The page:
Somewhere between the intense coverage of the arrival of Hurricane Gustav on the Gulf Coast and the revelation that the daughter of the conservative GOP nominee for Vice-President was pregnant, there are stories that fall through the cracks. One story was the death a local 20-something and it caught my attention for very selfish reasons.
David Sunseri Junior was found dead in his apartment Saturday morning. The cause of death, according the papers today, was sleep apnea. His death grabbed my attention for two reasons. First, he was 24 years old. Second, I had just met him 10 days earlier.
He was one of this year’s honorees at the Cystic Fibrosis fund-raiser known as “50 Finest”. It’s an event in which I have served as emcee the past dozen years. It recognizes the top 25 single men and 25 single women and their efforts helped to raise $200K for research into cystic fibrosis, one of the leading killers of young people. David, part of the Sunseri family which owns the famed Pennsylvania Macaroni company in the Strip district, was our second leading find-raiser this year … with more than $6,000 raised for the event. With a bright future ahead of him, he suddenly did not wake up one morning.
David Sunseri, Jr: I just met him August 21st. Now, he’s gone and I’m wondering why.
I guess I need to preface this by saying I’ve never been good at handling death. While I am a person of faith and have always subscribed to God having “a plan” for all of us, nevertheless it’s still not easy to accept someone’s death especially when it happens too early in one’s life. You can have all the faith in the world, but as far as I know no one has come back from the “great beyond” to let us know what happens on the other side .. or if there is an “other side”.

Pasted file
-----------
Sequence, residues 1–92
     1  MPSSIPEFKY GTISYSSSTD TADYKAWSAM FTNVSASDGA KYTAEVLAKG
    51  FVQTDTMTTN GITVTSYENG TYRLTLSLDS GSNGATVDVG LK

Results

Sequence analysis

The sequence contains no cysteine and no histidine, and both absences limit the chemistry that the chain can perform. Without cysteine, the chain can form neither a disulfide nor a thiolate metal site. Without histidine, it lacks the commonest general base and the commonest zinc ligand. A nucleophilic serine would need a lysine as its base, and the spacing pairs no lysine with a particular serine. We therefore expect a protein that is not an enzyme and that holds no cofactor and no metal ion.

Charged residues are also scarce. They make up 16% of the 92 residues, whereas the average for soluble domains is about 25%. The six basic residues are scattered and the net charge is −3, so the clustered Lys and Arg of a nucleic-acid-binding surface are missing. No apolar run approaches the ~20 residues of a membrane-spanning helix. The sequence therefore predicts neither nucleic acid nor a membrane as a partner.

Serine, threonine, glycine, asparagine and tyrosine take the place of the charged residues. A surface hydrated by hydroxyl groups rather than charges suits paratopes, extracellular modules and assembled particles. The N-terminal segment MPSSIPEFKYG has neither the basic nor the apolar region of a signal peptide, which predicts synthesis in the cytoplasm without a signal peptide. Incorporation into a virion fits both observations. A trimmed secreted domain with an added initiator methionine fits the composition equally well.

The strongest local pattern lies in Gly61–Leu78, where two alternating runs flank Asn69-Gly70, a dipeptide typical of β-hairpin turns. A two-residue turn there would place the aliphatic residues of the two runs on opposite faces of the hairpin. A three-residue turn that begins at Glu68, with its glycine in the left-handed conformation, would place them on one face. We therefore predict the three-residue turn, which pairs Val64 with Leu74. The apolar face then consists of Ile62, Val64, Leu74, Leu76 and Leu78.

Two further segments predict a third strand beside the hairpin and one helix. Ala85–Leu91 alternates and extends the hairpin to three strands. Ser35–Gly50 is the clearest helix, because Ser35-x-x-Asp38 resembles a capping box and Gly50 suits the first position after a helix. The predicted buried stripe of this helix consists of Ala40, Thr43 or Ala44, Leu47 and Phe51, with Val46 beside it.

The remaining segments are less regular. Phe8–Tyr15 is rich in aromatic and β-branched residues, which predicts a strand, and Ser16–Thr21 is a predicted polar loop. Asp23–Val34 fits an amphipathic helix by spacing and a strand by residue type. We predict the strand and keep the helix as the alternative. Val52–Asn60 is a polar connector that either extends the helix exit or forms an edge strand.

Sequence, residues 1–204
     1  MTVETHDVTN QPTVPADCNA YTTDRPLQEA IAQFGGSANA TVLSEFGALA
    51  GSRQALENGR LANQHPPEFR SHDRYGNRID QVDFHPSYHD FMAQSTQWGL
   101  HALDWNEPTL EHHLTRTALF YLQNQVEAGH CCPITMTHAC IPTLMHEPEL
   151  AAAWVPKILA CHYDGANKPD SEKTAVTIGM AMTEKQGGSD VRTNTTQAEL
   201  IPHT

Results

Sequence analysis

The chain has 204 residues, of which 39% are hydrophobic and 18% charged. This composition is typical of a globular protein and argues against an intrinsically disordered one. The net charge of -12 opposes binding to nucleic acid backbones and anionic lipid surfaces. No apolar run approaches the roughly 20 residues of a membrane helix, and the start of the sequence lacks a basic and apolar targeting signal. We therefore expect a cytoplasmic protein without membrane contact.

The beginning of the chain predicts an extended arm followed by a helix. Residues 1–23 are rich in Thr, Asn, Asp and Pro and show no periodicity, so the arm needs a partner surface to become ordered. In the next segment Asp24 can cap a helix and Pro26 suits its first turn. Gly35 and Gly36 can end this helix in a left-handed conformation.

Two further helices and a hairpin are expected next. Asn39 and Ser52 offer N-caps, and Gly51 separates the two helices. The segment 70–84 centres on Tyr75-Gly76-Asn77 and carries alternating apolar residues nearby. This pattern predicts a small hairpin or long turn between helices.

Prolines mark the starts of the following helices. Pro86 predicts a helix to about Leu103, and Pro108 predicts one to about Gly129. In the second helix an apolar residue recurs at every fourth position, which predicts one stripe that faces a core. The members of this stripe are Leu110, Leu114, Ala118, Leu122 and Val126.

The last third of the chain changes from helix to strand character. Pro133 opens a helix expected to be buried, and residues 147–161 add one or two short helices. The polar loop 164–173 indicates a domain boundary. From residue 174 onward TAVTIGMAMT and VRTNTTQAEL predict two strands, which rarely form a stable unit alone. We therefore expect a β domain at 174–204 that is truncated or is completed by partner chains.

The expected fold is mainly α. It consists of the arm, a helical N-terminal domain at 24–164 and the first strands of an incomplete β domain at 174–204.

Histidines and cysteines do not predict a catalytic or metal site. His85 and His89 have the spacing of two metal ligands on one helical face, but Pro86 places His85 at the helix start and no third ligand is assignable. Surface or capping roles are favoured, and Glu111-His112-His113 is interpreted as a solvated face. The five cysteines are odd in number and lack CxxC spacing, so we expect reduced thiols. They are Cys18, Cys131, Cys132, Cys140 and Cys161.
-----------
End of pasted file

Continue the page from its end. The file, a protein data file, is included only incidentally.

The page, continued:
Also, why is it that someone so young and so full of promise and hope dies before he or she reaches his prime while someone like me gets to wake up every morning? I have these same thoughts every time I read a story about some young person shot on the streets of Pittsburgh during an act of senseless violence. I always question it … and the truth is there is no explanation that I have ever found satisfying.
I lost my college roommate shortly after we graduated in 1989. He died in a drunk driving accident. He was the passenger, asleep in the back, and was killed instantly while the driver walked away with only bumps and bruises. I never understood why his life was taken while everyone else lived. Maybe hearing about David’s death flashed me back to that time in my life and rekindled those same questions some 20 years later.
I know death is one of those things you eventually accept as part of life, just like having children, your hair turning gray and your knees giving out. Still, it’s never been easy for me to accept mortality being such a random thing in that it takes our youngest for no reason at all while it allows other to live long, full lives.
Sorry about the rather somber mood of today’s entry. I still hope everyone had a wonderful holiday weekend.